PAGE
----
Playing It Safe

Colleges whose commencement speaker picks drew protests last year have opted to invite less controversial figures for this year's ceremonies.

April 21, 2015
Photo illustration
Last year, Rutgers University invited Condoleezza Rice to speak at its commencement, prompting protests. This year's speaker will be Bill Nye.

When Rutgers University invited Condoleezza Rice, former U.S. secretary of state, to speak at its commencement ceremony last year, a group of students protested the choice by staging a sit-in on campus. Rutgers's faculty council passed a resolution urging the university to rescind its invitation to Rice, calling her a "war criminal." The university stood by its decision, but Rice withdrew from the ceremony.

This year’s commencement speaker is not likely to spur such a debate. In fact, the pick may have been partly the result of a student-led social media campaign making use of the hashtag #BowTie4BillNye. And indeed, Bill Nye, the bow tie-wearing science guy many of the graduates grew up watching on television, will speak at the ceremony.

Last year, Rutgers was one of a number of colleges that saw commencement speakers back out following student and faculty protests. Although the speakers withdrew and the institutions didn't rescind their invites, the Foundation for Individual Rights in Education took to referring to that spring as “disinvitation season." This year, those same colleges seem to be playing it safe.

“I think it’s the extension of the echo chamber from our personal curated Twitter feed or Facebook friends,” said Will Creeley, vice president of legal and public advocacy at FIRE. “Now students like seeing just the views they agree with, and it extends past social media onto the commencement stage.”

For Haverford College’s 2014 commencement, the college invited Robert Birgeneau, former chancellor at the University of California at Berkeley, to receive an honorary degree and speak at the ceremony. Birgeneau is a respected figure for his work with undocumented and minority students, but he has been criticized for his handling of a 2011 incident in which campus police injured student protestors.

More than 40 students and a handful of faculty members penned a letter asking that either Birgeneau publicly apologize for the incident and support reparations for the students, or the college rescind his invitation. Birgeneau withdrew from the ceremony.

In his own commencement speech, William Bowen, former president of Princeton University and one of two others speakers scheduled to talk at the Haverford ceremony, criticized the students and Birgeneau’s withdrawal. "In keeping with the views of many others in higher education, I regard this outcome as a defeat, pure and simple, for Haverford,” he said. “No victory for anyone who believes, as I think most of us do, in both openness to many points of view and mutual respect."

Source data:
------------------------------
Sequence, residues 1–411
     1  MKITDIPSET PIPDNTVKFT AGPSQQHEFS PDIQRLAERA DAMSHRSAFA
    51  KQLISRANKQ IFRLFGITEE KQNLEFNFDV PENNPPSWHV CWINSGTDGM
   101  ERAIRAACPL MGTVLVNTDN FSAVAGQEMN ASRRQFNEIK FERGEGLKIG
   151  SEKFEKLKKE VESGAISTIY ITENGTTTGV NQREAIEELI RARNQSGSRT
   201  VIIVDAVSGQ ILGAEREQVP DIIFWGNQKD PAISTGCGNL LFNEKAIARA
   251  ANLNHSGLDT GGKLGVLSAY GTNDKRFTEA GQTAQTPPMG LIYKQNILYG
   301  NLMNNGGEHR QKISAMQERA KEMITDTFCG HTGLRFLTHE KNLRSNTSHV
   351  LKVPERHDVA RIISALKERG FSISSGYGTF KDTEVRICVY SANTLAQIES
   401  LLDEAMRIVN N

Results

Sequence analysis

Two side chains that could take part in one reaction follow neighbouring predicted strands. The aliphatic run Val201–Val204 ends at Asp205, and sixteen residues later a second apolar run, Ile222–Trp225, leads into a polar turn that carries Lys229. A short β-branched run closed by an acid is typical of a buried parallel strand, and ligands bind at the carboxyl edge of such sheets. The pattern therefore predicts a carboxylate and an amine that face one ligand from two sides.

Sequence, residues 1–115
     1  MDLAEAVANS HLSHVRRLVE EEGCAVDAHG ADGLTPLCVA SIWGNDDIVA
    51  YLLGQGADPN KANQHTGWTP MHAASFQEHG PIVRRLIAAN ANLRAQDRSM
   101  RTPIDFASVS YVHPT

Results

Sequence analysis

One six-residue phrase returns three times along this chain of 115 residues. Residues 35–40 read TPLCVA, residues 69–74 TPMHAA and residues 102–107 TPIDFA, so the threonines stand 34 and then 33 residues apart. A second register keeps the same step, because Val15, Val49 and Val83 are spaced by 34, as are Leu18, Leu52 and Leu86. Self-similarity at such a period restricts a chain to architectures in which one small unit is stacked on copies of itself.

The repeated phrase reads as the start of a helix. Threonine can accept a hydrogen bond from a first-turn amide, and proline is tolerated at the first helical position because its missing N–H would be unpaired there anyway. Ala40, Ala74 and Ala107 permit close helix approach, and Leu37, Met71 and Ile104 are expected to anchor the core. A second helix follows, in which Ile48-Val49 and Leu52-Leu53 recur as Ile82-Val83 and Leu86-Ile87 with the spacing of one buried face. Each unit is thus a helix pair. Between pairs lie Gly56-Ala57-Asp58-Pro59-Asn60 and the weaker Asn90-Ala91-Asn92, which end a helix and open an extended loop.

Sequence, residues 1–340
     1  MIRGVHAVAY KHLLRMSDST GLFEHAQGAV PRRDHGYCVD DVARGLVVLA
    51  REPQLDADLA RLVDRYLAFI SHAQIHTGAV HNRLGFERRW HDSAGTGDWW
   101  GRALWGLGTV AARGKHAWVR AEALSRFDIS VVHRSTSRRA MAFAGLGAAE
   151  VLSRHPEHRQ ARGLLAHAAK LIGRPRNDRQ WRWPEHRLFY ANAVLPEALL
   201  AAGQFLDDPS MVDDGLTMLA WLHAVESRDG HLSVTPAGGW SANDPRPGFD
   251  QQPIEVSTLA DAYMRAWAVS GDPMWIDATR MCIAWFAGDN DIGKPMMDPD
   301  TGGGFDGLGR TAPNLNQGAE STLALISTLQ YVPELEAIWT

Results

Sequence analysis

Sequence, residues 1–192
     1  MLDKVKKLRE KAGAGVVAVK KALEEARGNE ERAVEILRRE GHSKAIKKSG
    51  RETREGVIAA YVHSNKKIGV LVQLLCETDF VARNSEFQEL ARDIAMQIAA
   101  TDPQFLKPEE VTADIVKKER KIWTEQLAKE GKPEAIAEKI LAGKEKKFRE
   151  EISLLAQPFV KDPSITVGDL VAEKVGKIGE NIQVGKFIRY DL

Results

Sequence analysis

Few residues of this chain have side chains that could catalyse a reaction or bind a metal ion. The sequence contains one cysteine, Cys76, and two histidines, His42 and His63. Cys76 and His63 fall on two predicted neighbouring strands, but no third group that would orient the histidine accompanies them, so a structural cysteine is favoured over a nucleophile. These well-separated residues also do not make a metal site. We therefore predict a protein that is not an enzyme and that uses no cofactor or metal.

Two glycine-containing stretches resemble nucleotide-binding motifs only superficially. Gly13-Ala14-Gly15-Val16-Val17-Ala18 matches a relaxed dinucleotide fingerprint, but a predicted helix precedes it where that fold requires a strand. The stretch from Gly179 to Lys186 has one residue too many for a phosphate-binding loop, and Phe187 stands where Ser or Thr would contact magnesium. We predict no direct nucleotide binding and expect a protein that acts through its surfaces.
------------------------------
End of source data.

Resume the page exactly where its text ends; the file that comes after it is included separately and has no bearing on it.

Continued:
This year’s speakers and honorary degree recipients include Thandeka Luthuli Gcabashe, South Africa's ambassador to Venezuela during Nelson Mandela’s presidency and a key figure in ending apartheid; Sister Mary Scullion, a nun renowned for her advocacy for the homeless; and Bryan Stevenson, founder of the Equal Justice Initiative. Haverford declined to comment on if this year's selection process differed from previous ceremonies.

Last year, Smith College invited Christine Lagarde, chief of the International Monetary Fund, to speak at its commencement. Students responded with a petition saying that the women’s college “should not be publicly supporting and acknowledging” Lagarde and the IMF.

“The IMF has been a primary culprit in the failed developmental policies implanted in some of the world’s poorest countries,” the petition read. “This has led directly to the strengthening of imperialist and patriarchal systems that oppress and abuse women worldwide.”

Many were aghast at the protest, given that Lagarde is a rare woman at the top of the male-dominated field of international finance and has done much to promote gender equity. Lagarde, too, withdrew from the ceremony, saying she didn’t want protests to distract from the celebration. “Those who objected will be satisfied that their activism has had a desired effect,” Kathleen McCartney, Smith’s president, said in a statement at the time. “But at what cost to Smith College?”

Creeley said the cost is that students are stuck with only safe, inoffensive speakers. This year’s choices are not uninteresting or unworthy, he said, but if the trend continues he worries that this will one day be the case.

“If we allow students to serve as vetoes, only the blandest speakers will be left,” Creeley said. “If we treat ideas we don’t agree with as barred from campus, then really what’s left are only the most inoffensive, and by extension most uninteresting, folks. Perhaps campuses in the limelight last year have gotten the message, and it’s a shame because students on campus have been denied the ability to learn something from someone they disagree with, or celebrate someone they do agree with.”

This year, Smith invited Juliet Garcia, president of the University of Texas at Brownsville and the first Hispanic women to lead an American college or university, to speak during commencement. The choice was not in reaction to last year’s protests, Sam Masinter, Smith's director of college relations, said. It’s instead the result of a typical selection process that includes sending an email to all juniors asking for nominations and later meeting with a group of class leaders.

“Dr. Garcia was chosen on the merits of the work she has done to improve educational access, a value that is core to Smith's mission,” Masinter said. “And she is a compelling speaker with a remarkable personal story.”


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